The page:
Tech

How to use TikTok’s Augmented Reality Tool and Effect House


In addition to AR’s social apps, pragmatic apps fascinate Bouffard. For example, your public transport card can be used to display a route map. He said, “Social AR can get you a lot of views and exposure, but more technical AR allows you to discover interesting tools and it is recognized by the community.”

According to Kuzlin, different platforms are better suited to different types of filters, “In my opinion, Instagram focuses more on beauty filters, Snapchat focuses on something more technically advanced, and TikTok leans towards the fun and the crazy.” He highlighted TikTok’s ephemeral culture: “It’s important to know that trends happen randomly and they can last a week, two weeks, maybe months. It’s really important to join the trends quickly.”

Even those with well-established niche markets in the AR community see the need to be flexible and adapt to what audiences want. Sophie Katirai is a creative from Canada, now living in Dubai and creating makeup filters. She even sold one for Kylie Jenner. Katirai compares the ever-changing and cyclical trends of the fashion industry to the trends she sees emerging in AR filters.

She said, “I try to be more natural now, because I don’t want to be misunderstood or make anyone feel that they’re not pretty enough, so they need this filter to change their faces. their.” Although Katirai considers more natural makeup effects to be in vogue, a portion of her fans miss out on the more amazing face filters with dark eyes and plump lips.

The future of bending, replicating reality of social AR

When you try to create a filter, remember that social media is imitation. Platform Designer repeat features of other platforms. Creators take from creators, sometimes in harmful ways. Designers creating popular AR filters see duplicates and variations of their work increasing across platforms. Don’t let your guard down when one of your filters becomes active and instant copying pops up.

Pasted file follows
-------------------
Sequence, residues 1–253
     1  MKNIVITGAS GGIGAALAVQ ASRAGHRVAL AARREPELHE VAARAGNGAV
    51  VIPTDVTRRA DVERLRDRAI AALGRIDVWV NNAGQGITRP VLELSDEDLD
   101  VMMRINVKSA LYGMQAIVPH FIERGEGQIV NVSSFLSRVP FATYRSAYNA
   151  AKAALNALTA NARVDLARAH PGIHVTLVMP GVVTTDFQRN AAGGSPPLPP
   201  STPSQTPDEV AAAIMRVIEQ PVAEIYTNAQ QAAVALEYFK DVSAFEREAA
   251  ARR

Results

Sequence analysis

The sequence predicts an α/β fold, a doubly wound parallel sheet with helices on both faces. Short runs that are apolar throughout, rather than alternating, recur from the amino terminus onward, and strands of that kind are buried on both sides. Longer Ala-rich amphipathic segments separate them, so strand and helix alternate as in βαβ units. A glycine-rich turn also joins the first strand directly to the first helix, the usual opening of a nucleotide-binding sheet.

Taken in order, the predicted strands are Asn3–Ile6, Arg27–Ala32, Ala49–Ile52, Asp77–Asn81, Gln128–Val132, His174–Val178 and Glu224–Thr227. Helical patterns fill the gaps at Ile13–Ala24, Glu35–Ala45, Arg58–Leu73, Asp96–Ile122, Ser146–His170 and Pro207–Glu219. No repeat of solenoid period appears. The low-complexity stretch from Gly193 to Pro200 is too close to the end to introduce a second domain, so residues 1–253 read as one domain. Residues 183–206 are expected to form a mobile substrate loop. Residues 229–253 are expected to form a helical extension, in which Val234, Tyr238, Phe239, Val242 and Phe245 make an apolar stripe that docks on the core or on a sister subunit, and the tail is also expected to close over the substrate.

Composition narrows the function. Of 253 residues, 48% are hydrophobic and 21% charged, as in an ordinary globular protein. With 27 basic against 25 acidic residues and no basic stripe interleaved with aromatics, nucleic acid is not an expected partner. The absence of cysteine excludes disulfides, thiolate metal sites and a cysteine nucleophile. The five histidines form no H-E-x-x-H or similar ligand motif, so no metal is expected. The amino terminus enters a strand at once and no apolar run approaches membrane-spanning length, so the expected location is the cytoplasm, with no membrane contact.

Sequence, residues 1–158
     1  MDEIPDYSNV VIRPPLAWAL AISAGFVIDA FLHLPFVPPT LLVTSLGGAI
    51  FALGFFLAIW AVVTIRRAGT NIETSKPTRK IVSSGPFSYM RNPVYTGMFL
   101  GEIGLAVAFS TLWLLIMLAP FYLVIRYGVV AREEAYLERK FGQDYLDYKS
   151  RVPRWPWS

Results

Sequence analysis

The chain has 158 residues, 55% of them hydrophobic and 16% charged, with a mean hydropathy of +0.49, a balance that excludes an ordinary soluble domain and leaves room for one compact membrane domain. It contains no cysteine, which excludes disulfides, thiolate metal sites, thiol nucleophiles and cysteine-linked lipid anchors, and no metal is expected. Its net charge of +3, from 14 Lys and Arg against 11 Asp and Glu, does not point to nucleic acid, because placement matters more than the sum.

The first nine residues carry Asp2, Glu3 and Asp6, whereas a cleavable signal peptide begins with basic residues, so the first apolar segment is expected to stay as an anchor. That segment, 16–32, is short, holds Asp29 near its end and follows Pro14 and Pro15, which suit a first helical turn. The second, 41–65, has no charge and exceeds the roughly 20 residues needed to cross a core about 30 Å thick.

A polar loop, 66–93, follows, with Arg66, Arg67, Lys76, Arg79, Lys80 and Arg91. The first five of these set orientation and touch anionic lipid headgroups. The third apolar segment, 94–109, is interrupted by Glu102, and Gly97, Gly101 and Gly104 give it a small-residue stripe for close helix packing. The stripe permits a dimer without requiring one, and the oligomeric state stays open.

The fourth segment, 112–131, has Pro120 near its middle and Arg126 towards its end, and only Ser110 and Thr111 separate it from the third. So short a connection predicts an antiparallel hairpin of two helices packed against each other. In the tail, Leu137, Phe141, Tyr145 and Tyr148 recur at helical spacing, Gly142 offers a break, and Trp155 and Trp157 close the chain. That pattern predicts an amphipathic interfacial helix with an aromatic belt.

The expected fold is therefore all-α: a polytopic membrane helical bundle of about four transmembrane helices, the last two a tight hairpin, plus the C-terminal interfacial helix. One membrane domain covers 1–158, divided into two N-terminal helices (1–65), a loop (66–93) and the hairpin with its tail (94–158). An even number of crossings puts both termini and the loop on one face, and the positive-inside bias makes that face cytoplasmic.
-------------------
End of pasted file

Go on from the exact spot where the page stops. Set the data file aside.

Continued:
Speaking of his TikTok filter, Kuzlin said, “After the Krissed filter, I recreated my Anna Wintour filter with her signature hairstyle and glasses.” He created the first effect for Instagram. Kuzlin thinks someone in the house at TikTok saw the filter’s widespread use and created the Pixie Shades filter for their platform. After discovering a similar filter, he felt the urge to submit his iteration to TikTok. Kuzlin’s ANNA effect available in more than 110,000 videos; TikTok’s Pixie Shades Effect currently has over 180,000 videos. (Full disclosure: Anna Wintour is the global editorial director of Condé Nast, the parent company of WIRED.)

Who has the right to represent real people and objects in AR? It would make sense to let anyone add a 3D model of a cardboard box to their unique effect on social media, but what if the box was made to look like it contained The elusive PS5? As our synthetic reality continues to blur the lines between physical and digital, more complex questions arise about our relationship with AR. A simple filter you create for TikTok has the power to change people’s perception of reality.

In regards to makeup and other beauty filters, Katirai believes a positive future for social effects could allow for more detailed personalization on the user side. “I think the future could give people the flexibility to decide what they want the filter to do,” she said.

Although the push to learn AR skills is still not as widespread as the tech industry learn to code mantras, worthwhile abilities can be a great creative outlet for beginners and money-making endeavors for the more seasoned. Make reality fit your vision, then see who decides to follow and what adjustments they contribute along the way.



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